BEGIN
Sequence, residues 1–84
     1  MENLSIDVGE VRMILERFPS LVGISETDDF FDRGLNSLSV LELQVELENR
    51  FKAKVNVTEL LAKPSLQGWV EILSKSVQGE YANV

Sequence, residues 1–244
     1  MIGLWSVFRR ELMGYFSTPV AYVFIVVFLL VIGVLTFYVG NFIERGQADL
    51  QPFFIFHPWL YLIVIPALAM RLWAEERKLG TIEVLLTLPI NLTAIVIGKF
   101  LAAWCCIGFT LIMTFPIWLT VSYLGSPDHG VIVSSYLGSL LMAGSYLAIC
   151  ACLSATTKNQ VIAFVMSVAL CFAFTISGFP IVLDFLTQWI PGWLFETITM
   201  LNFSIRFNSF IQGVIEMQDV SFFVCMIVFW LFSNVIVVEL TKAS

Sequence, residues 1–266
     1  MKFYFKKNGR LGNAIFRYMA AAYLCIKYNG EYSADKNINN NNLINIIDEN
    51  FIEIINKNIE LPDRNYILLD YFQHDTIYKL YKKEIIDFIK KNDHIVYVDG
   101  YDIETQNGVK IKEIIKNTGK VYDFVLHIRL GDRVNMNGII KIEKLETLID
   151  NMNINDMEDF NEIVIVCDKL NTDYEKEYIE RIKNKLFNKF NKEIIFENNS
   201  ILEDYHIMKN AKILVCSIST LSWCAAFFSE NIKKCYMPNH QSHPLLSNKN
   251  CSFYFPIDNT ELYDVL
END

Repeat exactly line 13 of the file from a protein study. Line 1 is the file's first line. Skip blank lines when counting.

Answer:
   101  YDIETQNGVK IKEIIKNTGK VYDFVLHIRL GDRVNMNGII KIEKLETLID